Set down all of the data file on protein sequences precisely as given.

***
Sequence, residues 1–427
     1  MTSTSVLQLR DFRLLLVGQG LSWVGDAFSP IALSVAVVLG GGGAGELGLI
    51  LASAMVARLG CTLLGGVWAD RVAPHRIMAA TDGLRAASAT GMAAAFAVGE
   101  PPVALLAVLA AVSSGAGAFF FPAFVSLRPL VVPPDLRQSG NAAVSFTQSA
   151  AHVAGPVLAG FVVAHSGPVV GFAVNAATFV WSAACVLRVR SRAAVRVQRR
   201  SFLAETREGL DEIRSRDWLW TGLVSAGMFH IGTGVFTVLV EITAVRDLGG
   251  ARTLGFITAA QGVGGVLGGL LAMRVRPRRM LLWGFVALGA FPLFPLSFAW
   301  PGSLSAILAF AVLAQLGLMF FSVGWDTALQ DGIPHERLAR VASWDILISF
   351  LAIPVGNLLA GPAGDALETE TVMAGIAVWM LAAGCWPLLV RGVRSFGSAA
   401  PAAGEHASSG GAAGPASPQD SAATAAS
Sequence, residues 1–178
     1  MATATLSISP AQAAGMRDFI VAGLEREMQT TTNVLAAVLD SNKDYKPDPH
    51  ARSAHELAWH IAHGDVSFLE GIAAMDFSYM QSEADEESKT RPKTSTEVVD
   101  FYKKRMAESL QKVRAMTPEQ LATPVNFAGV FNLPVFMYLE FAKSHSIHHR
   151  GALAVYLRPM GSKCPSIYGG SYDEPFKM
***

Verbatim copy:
Sequence, residues 1–427
     1  MTSTSVLQLR DFRLLLVGQG LSWVGDAFSP IALSVAVVLG GGGAGELGLI
    51  LASAMVARLG CTLLGGVWAD RVAPHRIMAA TDGLRAASAT GMAAAFAVGE
   101  PPVALLAVLA AVSSGAGAFF FPAFVSLRPL VVPPDLRQSG NAAVSFTQSA
   151  AHVAGPVLAG FVVAHSGPVV GFAVNAATFV WSAACVLRVR SRAAVRVQRR
   201  SFLAETREGL DEIRSRDWLW TGLVSAGMFH IGTGVFTVLV EITAVRDLGG
   251  ARTLGFITAA QGVGGVLGGL LAMRVRPRRM LLWGFVALGA FPLFPLSFAW
   301  PGSLSAILAF AVLAQLGLMF FSVGWDTALQ DGIPHERLAR VASWDILISF
   351  LAIPVGNLLA GPAGDALETE TVMAGIAVWM LAAGCWPLLV RGVRSFGSAA
   401  PAAGEHASSG GAAGPASPQD SAATAAS
Sequence, residues 1–178
     1  MATATLSISP AQAAGMRDFI VAGLEREMQT TTNVLAAVLD SNKDYKPDPH
    51  ARSAHELAWH IAHGDVSFLE GIAAMDFSYM QSEADEESKT RPKTSTEVVD
   101  FYKKRMAESL QKVRAMTPEQ LATPVNFAGV FNLPVFMYLE FAKSHSIHHR
   151  GALAVYLRPM GSKCPSIYGG SYDEPFKM